If you enjoy to float down Missouri's pristine streams and rivers ... well, you likely have a stream team to thank for the opportunity.
For 50 years now a group called the St. Louis Open Space Council has been working diligently to improve and upkeep eastern Missouri's riverways and adjacent land.
Recently two groups working under the heading of the council, Cherokee Landing Stream Team 1314 and another group made up of several stream teams, spent time cleaning up two sections of Big River.
The "associated stream team" informally made up of members of stream teams 168, 211, 401, 1995, 2926, 3419 and 4660 cleaned up a 5-mile stretch of river spanning from Vo-Tech Bridge to the Highway K bridge. The team consisted of nine people in nine canoes.
The Cherokee Landing Stream Team 1314, comprised of 10 people and six canoes, worked on a six mile stretch of river running from the Highway K bridge downstream to the north U.S. 67 bridge near Cherokee Landing.
According to the Missouri Stream Team website, "Missouri has 110,000 miles of streams that provide recreation, water and serenity." But those creeks and rivers do not stay pristine and clean without help.
A combination of intentional dumping and trash and other debris being washed into the streams during heavy rains results in unsightly, and sometimes dangerous, litter.
Steve Anderson is one of the owners of Cherokee Landing and the trip leader for team 1314. Due to his business ties he has a vested interest in keeping Big River clean, but as a citizen of Missouri he wants to see every stream in the state kept as close to natural as possible.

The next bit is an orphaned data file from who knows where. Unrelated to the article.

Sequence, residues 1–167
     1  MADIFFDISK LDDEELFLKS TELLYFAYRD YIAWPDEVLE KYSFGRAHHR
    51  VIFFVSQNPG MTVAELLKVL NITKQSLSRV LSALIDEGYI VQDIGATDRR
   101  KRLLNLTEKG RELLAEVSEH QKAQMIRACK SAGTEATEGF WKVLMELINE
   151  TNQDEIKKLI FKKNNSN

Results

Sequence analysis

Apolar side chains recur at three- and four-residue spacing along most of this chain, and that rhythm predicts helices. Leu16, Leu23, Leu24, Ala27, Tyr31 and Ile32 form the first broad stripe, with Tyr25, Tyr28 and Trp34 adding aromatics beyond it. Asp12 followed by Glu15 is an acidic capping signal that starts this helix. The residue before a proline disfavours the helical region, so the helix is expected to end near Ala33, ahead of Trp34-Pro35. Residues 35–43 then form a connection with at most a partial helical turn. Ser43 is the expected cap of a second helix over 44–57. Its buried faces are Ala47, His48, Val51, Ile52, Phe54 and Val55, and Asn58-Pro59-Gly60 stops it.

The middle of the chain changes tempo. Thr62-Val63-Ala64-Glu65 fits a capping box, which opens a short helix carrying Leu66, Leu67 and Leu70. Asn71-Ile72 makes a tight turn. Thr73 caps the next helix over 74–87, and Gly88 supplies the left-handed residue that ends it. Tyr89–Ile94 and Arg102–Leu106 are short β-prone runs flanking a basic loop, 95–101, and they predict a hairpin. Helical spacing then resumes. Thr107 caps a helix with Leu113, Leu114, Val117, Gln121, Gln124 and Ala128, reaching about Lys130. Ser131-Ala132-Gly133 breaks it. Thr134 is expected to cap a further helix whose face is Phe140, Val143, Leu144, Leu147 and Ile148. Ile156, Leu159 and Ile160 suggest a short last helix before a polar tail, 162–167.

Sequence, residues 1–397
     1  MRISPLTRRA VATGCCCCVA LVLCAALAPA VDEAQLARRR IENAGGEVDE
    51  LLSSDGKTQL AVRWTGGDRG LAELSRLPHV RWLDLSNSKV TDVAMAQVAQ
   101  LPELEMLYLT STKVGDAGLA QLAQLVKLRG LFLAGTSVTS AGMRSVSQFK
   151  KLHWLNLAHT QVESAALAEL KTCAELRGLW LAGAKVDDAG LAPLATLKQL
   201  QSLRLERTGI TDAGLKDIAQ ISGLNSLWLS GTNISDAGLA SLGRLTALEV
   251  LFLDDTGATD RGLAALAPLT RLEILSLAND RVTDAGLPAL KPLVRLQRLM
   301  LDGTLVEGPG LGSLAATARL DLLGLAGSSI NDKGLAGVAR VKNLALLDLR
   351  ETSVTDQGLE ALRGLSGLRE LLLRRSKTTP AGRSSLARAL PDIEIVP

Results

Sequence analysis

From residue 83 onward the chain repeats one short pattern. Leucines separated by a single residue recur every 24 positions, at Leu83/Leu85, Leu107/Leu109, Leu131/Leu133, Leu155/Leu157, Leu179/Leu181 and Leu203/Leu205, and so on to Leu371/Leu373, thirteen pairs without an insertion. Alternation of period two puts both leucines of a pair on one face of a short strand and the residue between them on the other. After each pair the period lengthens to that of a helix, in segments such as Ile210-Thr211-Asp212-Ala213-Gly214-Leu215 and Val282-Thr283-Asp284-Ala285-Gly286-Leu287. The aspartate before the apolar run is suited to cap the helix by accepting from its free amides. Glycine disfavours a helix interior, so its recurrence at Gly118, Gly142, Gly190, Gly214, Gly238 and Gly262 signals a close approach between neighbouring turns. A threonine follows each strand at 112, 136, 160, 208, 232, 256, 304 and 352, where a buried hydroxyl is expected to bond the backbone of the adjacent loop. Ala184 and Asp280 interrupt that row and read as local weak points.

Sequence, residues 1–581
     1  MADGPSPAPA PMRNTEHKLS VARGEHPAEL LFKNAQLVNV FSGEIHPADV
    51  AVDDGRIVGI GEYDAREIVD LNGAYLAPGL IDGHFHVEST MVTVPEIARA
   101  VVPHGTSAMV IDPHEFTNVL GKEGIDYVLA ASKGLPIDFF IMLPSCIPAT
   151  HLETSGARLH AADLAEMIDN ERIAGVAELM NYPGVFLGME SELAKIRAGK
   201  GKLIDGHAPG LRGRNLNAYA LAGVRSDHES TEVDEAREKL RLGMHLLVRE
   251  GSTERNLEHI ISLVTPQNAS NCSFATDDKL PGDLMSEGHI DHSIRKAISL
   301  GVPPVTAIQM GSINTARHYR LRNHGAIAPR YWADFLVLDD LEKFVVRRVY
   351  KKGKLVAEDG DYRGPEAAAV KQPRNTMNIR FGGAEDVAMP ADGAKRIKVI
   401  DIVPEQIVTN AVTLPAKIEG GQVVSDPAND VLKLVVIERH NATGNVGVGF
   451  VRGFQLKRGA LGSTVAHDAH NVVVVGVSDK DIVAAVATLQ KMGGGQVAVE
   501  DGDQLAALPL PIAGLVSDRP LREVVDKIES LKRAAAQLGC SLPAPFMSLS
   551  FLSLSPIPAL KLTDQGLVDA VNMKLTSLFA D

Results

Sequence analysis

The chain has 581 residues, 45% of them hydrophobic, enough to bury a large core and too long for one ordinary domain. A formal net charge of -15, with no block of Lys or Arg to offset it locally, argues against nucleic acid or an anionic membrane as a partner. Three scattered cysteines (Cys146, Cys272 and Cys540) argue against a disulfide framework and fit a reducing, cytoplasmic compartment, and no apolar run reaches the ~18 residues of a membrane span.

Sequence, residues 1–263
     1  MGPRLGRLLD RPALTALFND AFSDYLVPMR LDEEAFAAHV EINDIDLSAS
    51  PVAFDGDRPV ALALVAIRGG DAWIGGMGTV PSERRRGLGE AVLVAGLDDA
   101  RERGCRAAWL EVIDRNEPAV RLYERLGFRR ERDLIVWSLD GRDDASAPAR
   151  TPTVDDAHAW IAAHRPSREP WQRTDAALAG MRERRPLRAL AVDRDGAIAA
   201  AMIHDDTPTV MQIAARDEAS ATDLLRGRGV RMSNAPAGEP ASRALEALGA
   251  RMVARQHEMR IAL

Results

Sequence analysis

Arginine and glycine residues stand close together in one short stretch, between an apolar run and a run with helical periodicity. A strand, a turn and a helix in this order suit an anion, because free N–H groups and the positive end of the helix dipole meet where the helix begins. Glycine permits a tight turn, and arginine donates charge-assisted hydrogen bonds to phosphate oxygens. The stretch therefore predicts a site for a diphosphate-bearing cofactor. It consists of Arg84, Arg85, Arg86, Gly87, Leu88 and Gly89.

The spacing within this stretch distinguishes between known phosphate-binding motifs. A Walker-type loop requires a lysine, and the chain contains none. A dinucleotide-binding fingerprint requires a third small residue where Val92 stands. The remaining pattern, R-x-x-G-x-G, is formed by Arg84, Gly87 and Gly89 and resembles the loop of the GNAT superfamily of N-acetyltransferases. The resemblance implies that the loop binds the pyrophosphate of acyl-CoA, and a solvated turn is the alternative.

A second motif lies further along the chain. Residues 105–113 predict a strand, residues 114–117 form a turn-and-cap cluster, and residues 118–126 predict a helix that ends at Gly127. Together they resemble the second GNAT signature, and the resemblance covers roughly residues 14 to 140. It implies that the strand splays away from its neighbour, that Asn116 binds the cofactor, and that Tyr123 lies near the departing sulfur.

According to Anderson, the recent work of the local stream team members netted a combined total of 275 tires and two dumpsters of trash being removed from the two stretches of Big River.
Personnel with St. Francois State Park, of which Big River passes through just upstream from where it crosses under U.S. 67 near Cherokee Landing north of Bonne Terre, agreed to dispose of the two dumpsters of debris. The nearly 300 tires were sent to a tire shredding facility in High Ridge, Mo., to be recycled.
According to the St. Louis Open Space Council's webpage, the 50-year-old organization has played "an integral role in restoring and supporting a clean and healthy Meramec River; helping establish Castlewood State Park, Forest 44 Conservation Area and Beetree County Park; restoring more than three thousand acres of land, and almost 500 miles of river permanently conserving an urban organic farm, which Earthdance Farms now owns and operates; and helping to thwart efforts to dam the Meramec River."
The organization's website goes on to say, "As stewards of nature, we work to maintain the integrity of land and waterways for practical purposes, recreation and their natural beauty, to be enjoyed now and for generations to come. Through environmental and community building events such as Operation Clean Stream and Operation Wild Lands, The Open Space Council seeks to raise awareness about the importance of land and water conservation and the value of clean water."